Comparing passive investing to Marxism was obviously a bit of a bid to make headlines - and it worked. But the debate over the underlying argument - that the flood of money into passive investment strategies, and the related proliferation of exchange-traded funds (ETFs) is making the market less efficient - is only raging ever harder as passive investment continues to gain market share from the active management industry.
On the surface, the argument makes sense. Index investors are price insensitive. They aren't bothering to analyse the underlying stocks - they just buy them. At the extreme, if active managers were squeezed out of the market altogether, there would be no one analysing companies or looking for opportunities, and as a result, the market would become ever less efficient.
There's also the argument that the popularity of market-cap weighted indices (where the biggest companies by market value rank highest in the index) has turned passive investing into one big 'momentum' trade - with new money chasing the biggest stocks, and neglecting their undervalued smaller rivals. In other words, passive investors are systematically buying high and selling low, which is not a conventional recipe for investment success.
I robotOf course, the passive investor's response to these arguments, which emanate largely from active fund managers, is: 'They would say that, wouldn't they?' As Laurence Siegel, director of research at the CFA Institute Research Foundation points out, simply moving money from active funds to passive ones does not change the weightings in the index - the shares in question may now be managed by a robot rather than a human, but the robot still has to do "exactly what the human portfolio managers do in aggregate." In other words, the active managers still do the analysis that shapes the index - the existence of passive funds doesn't change that.
The other problem with the argument that passive funds might damage the capital allocation process is that there's not much evidence of active management resulting in a more efficient market. Bubbles and busts have occurred regularly on the watch of active managers. Indeed, you could equally argue that if anything, competition from passive funds may help to make the market more efficient. This is partly as a result of ETFs and trackers displacing overpriced 'closet tracker' funds (actively-managed funds that spend most of their time 'hugging' the index, in order to avoid career-jeopardising underperformance), and partly a consequence of active managers being forced to think harder about how to differentiate their strategies and demonstrate their 'edge' to investors who increasingly wonder what they're paying high fund fees for.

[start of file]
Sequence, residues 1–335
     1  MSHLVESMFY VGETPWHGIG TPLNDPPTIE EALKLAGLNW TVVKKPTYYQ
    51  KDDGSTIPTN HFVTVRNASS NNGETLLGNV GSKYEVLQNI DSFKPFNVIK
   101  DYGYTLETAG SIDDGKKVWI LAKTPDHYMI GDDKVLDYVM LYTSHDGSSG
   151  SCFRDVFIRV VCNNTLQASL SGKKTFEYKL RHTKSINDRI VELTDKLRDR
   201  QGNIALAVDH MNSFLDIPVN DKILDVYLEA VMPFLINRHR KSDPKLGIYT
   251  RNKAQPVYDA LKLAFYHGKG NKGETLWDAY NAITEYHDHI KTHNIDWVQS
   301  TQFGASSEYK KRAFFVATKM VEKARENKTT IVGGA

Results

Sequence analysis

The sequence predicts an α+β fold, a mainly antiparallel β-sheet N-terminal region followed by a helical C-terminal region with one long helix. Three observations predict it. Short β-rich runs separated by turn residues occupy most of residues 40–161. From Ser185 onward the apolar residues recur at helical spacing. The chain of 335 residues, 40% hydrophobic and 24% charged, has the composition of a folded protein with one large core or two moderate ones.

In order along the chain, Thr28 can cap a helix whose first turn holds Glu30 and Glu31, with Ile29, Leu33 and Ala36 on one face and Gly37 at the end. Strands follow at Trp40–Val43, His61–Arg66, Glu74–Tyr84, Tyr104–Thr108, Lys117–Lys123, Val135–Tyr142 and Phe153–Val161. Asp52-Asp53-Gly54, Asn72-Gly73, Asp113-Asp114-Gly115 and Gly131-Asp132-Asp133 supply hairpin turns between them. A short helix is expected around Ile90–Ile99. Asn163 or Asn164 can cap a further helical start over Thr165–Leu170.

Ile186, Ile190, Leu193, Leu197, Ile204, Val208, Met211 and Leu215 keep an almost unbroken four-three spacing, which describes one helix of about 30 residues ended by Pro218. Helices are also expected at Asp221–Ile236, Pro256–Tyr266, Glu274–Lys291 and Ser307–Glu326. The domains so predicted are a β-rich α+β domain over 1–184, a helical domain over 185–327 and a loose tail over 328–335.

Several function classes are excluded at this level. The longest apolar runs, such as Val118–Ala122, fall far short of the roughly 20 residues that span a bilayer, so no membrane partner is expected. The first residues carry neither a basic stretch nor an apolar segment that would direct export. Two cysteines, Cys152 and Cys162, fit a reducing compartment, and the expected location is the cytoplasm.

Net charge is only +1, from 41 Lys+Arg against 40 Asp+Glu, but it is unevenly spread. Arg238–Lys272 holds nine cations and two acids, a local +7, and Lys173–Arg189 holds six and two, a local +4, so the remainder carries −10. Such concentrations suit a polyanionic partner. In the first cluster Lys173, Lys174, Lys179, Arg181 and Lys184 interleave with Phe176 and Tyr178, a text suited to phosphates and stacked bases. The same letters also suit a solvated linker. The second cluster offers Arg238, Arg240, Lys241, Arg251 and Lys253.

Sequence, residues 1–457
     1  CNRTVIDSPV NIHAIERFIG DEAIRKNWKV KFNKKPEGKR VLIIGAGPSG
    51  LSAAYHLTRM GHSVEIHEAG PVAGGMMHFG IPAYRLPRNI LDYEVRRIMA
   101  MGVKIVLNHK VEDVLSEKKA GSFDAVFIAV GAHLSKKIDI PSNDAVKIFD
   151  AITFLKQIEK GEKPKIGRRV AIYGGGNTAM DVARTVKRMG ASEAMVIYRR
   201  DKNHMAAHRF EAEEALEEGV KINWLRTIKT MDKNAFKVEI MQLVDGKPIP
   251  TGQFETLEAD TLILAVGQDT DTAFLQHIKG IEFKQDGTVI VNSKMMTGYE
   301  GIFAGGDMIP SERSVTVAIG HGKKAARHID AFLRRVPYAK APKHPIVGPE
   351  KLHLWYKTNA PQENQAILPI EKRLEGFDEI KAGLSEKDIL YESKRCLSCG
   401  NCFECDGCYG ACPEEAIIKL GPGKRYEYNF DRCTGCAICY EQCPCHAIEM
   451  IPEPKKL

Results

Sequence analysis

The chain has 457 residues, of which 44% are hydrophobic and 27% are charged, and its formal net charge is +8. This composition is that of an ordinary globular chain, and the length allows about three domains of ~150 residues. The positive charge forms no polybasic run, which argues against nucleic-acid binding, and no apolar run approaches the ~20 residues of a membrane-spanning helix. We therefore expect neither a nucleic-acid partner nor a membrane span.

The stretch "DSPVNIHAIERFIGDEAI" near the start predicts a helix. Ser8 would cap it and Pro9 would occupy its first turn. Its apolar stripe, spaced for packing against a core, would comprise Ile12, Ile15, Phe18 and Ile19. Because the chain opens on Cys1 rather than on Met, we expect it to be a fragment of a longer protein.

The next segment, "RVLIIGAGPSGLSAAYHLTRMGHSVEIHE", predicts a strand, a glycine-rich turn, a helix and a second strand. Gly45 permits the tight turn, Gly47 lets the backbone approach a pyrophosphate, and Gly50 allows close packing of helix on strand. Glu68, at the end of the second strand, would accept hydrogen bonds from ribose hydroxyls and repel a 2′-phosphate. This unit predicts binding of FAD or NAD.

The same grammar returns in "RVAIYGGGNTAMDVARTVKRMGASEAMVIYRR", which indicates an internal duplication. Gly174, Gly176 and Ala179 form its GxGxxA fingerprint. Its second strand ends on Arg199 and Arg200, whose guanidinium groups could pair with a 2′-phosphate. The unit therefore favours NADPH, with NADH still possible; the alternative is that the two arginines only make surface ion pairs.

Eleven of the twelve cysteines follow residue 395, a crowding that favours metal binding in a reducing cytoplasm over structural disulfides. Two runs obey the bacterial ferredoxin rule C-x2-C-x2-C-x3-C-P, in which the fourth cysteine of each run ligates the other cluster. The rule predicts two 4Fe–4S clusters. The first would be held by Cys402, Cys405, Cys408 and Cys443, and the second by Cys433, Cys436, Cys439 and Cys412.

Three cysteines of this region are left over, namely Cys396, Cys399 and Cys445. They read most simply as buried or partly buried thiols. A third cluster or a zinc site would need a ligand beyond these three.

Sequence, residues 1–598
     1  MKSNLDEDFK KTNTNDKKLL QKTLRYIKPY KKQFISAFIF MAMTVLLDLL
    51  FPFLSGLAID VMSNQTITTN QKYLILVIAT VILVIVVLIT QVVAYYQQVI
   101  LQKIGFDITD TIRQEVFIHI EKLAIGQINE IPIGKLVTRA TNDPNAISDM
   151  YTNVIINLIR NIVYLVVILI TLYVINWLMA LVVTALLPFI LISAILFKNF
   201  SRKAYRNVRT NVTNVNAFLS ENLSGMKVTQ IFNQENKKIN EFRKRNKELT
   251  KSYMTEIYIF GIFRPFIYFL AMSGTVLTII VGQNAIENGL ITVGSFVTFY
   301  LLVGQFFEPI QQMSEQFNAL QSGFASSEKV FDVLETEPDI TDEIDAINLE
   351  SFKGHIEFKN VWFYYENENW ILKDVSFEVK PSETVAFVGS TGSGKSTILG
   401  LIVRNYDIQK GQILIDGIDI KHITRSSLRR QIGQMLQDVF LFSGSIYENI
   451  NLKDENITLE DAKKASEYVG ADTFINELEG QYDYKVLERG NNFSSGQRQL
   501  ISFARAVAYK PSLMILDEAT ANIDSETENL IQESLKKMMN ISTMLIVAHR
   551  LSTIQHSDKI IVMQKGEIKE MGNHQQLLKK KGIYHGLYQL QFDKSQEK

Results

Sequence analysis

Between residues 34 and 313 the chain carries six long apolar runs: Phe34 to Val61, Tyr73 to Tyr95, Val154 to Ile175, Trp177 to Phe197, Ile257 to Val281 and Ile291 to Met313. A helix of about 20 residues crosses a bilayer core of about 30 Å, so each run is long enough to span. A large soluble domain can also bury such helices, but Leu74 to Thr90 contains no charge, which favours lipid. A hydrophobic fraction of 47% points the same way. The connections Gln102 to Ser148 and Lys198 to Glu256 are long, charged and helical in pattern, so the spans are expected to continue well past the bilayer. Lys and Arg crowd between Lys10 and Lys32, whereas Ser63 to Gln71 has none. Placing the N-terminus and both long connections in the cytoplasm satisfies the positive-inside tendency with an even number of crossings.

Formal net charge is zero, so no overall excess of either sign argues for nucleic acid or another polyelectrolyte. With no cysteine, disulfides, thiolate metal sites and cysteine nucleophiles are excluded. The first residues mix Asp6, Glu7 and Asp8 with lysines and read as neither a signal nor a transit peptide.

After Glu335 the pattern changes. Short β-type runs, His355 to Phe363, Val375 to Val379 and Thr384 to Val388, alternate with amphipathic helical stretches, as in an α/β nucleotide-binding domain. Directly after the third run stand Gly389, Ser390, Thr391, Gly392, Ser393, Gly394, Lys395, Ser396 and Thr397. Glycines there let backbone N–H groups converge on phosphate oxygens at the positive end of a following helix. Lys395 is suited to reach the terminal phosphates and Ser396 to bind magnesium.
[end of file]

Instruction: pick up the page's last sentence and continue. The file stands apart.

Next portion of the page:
This is not to say that passive investing has no impact on the market's structure. An argument I have more sympathy with, is the idea that increased convenience and low-cost market access do have an impact on investor psychology, particularly if you then combine that with the central bank 'put' (the idea that the Federal Reserve and other global central banks will consistently act to prevent stock markets from falling too far). So it's probably reasonable to say that the rise of ETFs and passive investing in particular has contributed to today's overvalued markets, simply by reducing the friction involved in the investment process. That lack of friction could also mean that when a crash comes, everyone will run for the exits at once, exacerbating the decline and leaving many overly complacent investors suffering a nasty shock.
Crash, bang wallopAnd I fully expect ETFs in one form or another to take some of the blame and the flack when the next stock market crash comes. It's inevitable that they will be involved in some way, because they are now such a significant part of the market. And the general success and popularity of ETFs also makes it more likely that index creators will push the structure too far and create financial products that only demonstrate their flaws in a volatile or falling market, when it's too late.
However, this is nothing new. New and improved financial technologies have played roles in bubbles and busts across history - from the joint stock company during the South Sea bubble, to investment trusts in 1929. This doesn't mean that the innovation itself is flawed - merely the exuberance with which investors embrace it. ETFs and passive funds might not be perfect - but they have a distance to go before they're worse than Marxism.